The Obama administration is heralding a conference later this month in Geneva where representatives of Bashar al-Assad’s regime will ostensibly sit down with the Syrian rebel forces opposing them. The effect will be to prop up Assad. Sen. John McCain, on the other hand, is committed to the Syrian people. We commend him for the courage he showed last week when he became the most senior American official to visit Syria since the shooting started, entering from the Turkish border. Meeting with rebel leaders, McCain could hardly have been surprised to learn that the last thing they want is an intra-Syrian peace process with the ruling clique that slaughtered peaceful demonstrators for a year before the opposition finally picked up arms in its own defense. What the rebels want from the United States, Free Syrian Army general Salim Idriss told McCain, is what they’ve been requesting for a year—weapons and the grounding of Assad’s air force with a no-fly zone. Idriss added one new item to the wish list: Bomb Hezbollah.
This request comes as the Lebanese militia has fully entered the Syrian civil war on the side of Assad—fighting not just to keep its ally in Damascus in power, but also to be of service to the Iranian regime, the patron of both Assad and Hezbollah, and to keep open the conduit that allows Iran to ship armaments through Syria to Hezbollah’s strongholds in Lebanon.
Last week, Hezbollah sent elite forces against Syrian rebel positions, notably in Qusayr, a strategically vital town. Should Assad lose Damascus, he would fall back to the redoubt of his Alawite people, the coastal mountains along the Mediterranean. Holding Qusayr is critical to preserving a land link from that area to Hezbollah-controlled regions of Lebanon. The importance of Qusayr to Assad and Hezbollah can be gauged by the losses the Lebanese fighters incurred there: dozens killed in an ambush during the group’s initial assault, and perhaps 100 dead after a week’s combat. Reports suggest that Hezbollah may be on the verge of retaking the town from the rebels, but it’s come at considerable cost and thanks in no small part to the Syrian regime’s air and artillery support. As it turns out, Hezbollah is not as formidable as advertised.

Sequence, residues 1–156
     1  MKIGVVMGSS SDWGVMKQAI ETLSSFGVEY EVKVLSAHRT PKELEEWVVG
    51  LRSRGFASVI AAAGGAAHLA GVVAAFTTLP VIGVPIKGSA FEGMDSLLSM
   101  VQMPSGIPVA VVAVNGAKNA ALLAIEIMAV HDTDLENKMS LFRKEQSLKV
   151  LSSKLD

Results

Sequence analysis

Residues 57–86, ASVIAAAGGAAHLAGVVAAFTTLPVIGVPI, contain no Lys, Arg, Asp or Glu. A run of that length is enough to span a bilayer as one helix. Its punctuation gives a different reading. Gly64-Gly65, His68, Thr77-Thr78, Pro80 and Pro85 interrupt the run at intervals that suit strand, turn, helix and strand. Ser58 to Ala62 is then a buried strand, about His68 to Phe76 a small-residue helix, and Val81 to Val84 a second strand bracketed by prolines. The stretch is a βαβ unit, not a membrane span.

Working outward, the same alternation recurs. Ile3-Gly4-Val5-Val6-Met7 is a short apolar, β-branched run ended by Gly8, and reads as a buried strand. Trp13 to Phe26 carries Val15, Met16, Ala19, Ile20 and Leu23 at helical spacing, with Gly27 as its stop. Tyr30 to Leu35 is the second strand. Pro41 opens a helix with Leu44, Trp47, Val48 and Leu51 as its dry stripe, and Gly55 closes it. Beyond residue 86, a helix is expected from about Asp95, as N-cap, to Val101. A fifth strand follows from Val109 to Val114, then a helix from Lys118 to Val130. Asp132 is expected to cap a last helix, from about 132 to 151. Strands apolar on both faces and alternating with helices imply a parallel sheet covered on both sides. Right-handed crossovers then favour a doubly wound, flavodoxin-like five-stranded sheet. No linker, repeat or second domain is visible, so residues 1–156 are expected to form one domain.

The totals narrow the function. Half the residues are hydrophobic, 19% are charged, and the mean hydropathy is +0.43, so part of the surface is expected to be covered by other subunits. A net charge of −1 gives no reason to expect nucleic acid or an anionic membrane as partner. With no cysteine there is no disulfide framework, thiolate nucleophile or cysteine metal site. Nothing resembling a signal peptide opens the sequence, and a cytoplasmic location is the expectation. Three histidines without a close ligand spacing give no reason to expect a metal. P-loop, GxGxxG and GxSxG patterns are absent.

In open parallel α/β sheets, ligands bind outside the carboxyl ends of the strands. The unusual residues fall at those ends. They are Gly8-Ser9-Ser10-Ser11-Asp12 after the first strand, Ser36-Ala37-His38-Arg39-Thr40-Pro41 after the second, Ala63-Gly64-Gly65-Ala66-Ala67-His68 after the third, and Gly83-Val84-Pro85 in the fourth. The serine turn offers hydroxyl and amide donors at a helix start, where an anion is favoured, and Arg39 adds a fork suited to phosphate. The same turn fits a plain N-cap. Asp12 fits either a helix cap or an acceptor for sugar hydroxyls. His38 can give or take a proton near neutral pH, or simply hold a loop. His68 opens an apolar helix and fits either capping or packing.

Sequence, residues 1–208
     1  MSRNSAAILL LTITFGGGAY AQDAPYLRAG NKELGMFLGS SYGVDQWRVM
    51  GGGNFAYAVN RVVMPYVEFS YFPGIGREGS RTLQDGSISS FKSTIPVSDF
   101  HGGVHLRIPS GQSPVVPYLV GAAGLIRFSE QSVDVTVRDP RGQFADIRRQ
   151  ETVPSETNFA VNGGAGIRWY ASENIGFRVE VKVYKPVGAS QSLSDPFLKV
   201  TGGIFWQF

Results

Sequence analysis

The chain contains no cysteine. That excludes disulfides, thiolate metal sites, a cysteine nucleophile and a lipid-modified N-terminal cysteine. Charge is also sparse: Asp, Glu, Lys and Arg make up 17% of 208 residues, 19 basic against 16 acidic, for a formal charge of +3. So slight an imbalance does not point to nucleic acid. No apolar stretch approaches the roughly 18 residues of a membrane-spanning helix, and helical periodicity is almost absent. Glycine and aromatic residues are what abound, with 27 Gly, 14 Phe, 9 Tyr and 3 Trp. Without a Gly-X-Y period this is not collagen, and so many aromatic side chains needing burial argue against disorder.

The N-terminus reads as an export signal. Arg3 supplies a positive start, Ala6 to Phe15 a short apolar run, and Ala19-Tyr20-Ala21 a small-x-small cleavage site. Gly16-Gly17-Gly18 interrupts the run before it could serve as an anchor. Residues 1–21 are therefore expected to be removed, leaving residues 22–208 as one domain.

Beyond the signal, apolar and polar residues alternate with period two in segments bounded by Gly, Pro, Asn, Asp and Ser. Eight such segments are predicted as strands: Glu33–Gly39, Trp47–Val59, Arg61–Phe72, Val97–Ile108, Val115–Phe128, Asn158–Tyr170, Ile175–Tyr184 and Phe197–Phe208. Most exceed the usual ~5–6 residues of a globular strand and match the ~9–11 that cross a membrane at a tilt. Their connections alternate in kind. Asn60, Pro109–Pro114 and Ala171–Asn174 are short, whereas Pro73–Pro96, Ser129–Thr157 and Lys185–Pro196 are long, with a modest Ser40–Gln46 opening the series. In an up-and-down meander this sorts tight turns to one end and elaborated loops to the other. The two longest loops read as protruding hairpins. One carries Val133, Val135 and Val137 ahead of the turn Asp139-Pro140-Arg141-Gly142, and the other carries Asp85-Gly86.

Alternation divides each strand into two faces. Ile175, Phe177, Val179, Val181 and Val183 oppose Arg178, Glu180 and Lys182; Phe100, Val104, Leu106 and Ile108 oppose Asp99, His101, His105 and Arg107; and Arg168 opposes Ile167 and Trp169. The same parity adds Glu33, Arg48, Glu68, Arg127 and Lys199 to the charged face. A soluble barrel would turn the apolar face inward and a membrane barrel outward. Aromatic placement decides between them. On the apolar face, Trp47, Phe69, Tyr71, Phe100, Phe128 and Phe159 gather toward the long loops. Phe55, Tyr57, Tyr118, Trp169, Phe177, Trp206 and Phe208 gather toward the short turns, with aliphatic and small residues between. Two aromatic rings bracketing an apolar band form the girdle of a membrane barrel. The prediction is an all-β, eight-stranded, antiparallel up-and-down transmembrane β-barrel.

Nonetheless, in light of Idriss’s plea, it’s worth remembering that Hezbollah’s prestige is built partly on the fact that early in its history it bloodied the United States, killing and kidnapping hundreds of Americans during Lebanon’s 15-year civil war. April was the 30th anniversary of Hezbollah’s bombing of the U.S. embassy in Beirut, where 63 were killed, including 17 Americans. October will mark the 30th anniversary of the bombing of the Marine barracks, in which a Hezbollah suicide bomber killed 241 American Marines, soldiers, and sailors. In the aftermath, the Reagan administration withdrew forces from Lebanon and handed Hezbollah a significant victory, one that would not only embolden its patron Iran but also lend credence to Osama bin Laden’s claim that America was a paper tiger in retreat.
Since 1983, Hezbollah has plotted other operations against Americans and waged terror campaigns against our allies in Europe, Asia, Africa, and the Middle East, especially Israel, whose citizens have been targeted by Hezbollah suicide bombers, kidnappers, snipers, rockets, and missiles. With all the American blood that Hezbollah has on its hands, in addition to the attacks on our allies and interests, the United States has an open account with Hezbollah 30 years past due. Here our interests are aligned perfectly with those of the Syrian rebels.